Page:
Review – Miranda Lambert’s “Vice”

Miranda Lambert Vice

Undoubtedly one of the biggest stories over the past year in country music has been the fallout of the divorce between superstars Blake Shelton and Miranda Lambert. I usually don’t like to discuss stuff that happens in the personal lives of artists and like to keep it about the music. However when it comes to these two it has clearly affected their music direction, so it must be discussed. While the usual gossip rag of “he said, she said” has swirled around, what’s been more telling about the fallout is the public actions of the two. It really began at the 2015 CMA Awards when Blake Shelton showed up with his new girlfriend, pop artist Gwen Stefani. It painted Blake as insensitive, petty and trying to win the breakup by bringing his new woman to an event he knew his ex was attending. It clearly had an effect on Lambert, as you could visibly see she wasn’t enjoying herself and was quite distraught about the whole situation. When she accepted her award for Best Female Vocalist, she didn’t spend hardly anytime discussing her music or herself, rather congratulating the star of the night, Chris Stapleton.

Ever since then we really haven’t seen Miranda Lambert much in the public eye. She’s stayed pretty quiet and hasn’t done any interviews. Unlike Shelton’s very public relationship with Stefani, Lambert has maintained a pretty low-key relationship with Americana artist Anderson East. Outside of her excellent contribution to the universally acclaimed Dave Cobb super project Southern Family, we haven’t heard any new music from her until now. She’s released the lead single for her new upcoming album and it’s titled “Vice.” Needless to say there was ample hype leading up to this release, as there’s been a lot of speculation as to where Lambert would go with her music. After listening to “Vice,” I’m pretty intrigued on the direction she appears to be heading.

“Vice” begins with the fuzzy sound of a needle dropping onto vinyl and playing. Then Lambert begins to sing from a clear place of hurting, a feeling that carries throughout the sound. This feeling not just exuded from Lambert’s vocals, but the production and lyrics. The song is about a woman who acknowledges she’s far from perfect and that she makes mistake after mistake. She relies on several vices such as excessive drinking and sleeping in places, in which she didn’t know how she got there. The whole song is just so vulnerable and Lambert lays her cards right out on the table for the whole world to see. So much country music today lacks this visceral vulnerability that connects with the listeners because it’s real and based in reality. While the songwriting is quite great, the production is even more exciting and goes where Lambert hasn’t really went before. Refreshingly ditching the loud, overproduced sounds of Platinum, it’s based around a heartland rock/country sound, similar to what you heard on Eric Church’s Mr. Misunderstood, and combines it with psychedelic leanings. Dare I say it reminds me of the instrumentation you hear on Sturgill Simpson’s Metamodern Sounds in Country Music. It’s so weird, yet cool at the same time to hear because I never expected this from Lambert (let alone on a lead single).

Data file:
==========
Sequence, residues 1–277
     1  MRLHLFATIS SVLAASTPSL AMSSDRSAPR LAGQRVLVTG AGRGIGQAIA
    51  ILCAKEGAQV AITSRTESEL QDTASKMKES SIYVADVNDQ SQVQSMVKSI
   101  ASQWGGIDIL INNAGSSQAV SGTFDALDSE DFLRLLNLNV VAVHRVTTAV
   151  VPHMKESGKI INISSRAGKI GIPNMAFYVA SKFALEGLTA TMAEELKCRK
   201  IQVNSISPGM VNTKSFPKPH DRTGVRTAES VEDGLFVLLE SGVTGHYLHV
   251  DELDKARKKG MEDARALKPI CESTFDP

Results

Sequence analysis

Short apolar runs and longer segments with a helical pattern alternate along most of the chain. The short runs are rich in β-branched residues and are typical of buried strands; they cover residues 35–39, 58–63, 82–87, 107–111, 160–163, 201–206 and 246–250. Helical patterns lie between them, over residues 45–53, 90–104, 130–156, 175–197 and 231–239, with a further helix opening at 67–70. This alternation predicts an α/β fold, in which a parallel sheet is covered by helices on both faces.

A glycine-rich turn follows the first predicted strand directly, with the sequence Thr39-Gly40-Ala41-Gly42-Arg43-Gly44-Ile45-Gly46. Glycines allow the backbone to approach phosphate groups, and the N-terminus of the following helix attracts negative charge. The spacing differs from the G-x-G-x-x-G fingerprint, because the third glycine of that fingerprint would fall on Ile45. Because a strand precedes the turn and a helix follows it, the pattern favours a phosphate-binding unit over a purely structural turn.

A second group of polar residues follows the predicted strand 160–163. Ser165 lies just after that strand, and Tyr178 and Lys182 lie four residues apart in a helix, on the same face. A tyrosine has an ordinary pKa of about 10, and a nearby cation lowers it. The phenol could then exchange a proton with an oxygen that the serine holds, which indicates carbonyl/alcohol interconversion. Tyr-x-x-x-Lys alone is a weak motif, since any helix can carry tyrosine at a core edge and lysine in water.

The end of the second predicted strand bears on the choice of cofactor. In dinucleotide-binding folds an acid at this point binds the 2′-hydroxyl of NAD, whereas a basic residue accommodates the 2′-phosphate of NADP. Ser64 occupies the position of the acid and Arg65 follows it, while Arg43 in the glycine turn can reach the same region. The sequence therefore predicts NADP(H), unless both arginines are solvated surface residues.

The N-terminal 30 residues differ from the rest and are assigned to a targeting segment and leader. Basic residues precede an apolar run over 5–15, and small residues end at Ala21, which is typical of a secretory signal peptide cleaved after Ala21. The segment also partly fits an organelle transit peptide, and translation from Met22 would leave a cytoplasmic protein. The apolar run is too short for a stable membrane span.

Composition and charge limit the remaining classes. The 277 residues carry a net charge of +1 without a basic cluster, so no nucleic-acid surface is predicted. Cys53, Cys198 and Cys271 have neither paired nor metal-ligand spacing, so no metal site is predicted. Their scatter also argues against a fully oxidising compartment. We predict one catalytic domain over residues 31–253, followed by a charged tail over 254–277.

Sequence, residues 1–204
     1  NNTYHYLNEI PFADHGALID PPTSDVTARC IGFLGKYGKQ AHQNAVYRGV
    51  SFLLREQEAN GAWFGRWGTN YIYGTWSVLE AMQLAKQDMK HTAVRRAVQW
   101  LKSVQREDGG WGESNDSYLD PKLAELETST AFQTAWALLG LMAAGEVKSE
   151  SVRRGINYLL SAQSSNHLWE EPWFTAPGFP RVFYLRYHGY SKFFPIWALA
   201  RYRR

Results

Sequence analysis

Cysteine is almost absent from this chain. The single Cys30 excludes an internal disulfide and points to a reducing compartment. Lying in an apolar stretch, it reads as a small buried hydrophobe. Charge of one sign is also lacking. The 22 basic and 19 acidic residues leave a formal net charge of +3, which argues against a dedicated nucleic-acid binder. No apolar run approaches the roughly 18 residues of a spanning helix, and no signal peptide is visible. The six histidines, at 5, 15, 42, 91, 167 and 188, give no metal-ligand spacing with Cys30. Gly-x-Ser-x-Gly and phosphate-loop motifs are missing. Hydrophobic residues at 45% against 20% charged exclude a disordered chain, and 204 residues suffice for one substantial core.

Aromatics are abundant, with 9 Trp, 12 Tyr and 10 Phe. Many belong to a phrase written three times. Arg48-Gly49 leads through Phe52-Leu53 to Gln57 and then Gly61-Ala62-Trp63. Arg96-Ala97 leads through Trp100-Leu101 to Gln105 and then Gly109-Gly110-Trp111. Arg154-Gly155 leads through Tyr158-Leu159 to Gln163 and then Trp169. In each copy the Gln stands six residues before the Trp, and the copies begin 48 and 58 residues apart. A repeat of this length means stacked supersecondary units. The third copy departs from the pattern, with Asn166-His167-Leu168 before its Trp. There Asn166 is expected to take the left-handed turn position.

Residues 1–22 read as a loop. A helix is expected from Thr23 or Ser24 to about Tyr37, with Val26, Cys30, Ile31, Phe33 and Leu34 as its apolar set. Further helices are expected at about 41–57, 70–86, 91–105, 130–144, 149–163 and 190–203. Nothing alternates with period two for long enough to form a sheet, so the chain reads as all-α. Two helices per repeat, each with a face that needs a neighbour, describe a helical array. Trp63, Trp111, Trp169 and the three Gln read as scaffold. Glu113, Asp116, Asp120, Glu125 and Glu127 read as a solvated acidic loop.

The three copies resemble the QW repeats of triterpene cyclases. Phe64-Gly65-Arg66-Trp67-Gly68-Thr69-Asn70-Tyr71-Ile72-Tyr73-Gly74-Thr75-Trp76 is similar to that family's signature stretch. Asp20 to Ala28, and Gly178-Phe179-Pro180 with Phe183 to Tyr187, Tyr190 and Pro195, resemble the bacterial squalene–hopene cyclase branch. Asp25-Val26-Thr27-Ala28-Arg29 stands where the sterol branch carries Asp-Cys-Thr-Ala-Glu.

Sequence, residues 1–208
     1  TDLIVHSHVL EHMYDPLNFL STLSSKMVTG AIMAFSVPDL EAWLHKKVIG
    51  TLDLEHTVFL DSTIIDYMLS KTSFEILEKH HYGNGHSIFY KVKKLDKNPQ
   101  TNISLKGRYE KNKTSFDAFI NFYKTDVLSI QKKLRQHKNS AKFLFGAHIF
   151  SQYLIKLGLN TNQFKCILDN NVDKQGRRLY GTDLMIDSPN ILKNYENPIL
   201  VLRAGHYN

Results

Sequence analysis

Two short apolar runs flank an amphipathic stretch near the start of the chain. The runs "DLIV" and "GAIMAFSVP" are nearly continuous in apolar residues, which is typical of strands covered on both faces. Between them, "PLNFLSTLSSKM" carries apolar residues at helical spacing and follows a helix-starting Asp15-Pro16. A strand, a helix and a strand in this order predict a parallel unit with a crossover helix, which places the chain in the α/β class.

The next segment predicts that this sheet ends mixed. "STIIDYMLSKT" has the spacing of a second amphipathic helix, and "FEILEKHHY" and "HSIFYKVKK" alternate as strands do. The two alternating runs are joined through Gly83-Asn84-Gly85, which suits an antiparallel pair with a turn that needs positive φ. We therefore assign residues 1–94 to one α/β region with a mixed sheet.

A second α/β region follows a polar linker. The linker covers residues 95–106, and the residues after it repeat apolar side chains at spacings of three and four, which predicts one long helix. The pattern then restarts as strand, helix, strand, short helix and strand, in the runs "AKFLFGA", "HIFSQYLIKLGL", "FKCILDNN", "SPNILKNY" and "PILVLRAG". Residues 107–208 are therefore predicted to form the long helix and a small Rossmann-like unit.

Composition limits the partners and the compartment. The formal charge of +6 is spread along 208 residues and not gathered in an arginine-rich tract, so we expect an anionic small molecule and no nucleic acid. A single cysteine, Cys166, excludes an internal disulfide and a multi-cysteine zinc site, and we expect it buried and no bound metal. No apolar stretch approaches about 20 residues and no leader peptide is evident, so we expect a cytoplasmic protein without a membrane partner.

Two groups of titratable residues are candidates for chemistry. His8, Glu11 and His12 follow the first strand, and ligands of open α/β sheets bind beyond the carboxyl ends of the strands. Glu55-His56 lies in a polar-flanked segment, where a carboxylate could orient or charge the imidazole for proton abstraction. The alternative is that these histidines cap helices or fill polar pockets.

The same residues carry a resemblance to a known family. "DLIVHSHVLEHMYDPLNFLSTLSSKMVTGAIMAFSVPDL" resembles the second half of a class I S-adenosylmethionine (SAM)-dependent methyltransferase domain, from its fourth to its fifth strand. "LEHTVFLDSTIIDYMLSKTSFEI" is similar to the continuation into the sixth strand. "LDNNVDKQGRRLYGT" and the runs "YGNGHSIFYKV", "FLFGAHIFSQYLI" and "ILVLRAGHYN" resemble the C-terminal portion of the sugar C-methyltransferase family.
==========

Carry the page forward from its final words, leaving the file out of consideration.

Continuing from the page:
“Vice” is melancholy song that draws from so many places instrumentation and lyric-wise. It’s bare, yet expansive. It’s outright dangerous in its approach compared to most lead singles in mainstream country music. That’s what makes this so damn great. I have no clue if radio will get behind this, but I don’t think Lambert had any cares whether or not this would appeal to radio. This is the type of raw, dark emotion a true artist draws from and puts out in the form of a song after a breakup. It makes me more excited to hear what Lambert has in-store for her new album. “Vice” is great music that comes straight from the heart.

Grade: 8/10

Written by Miranda Lambert, Josh Osborne and Shane McAnally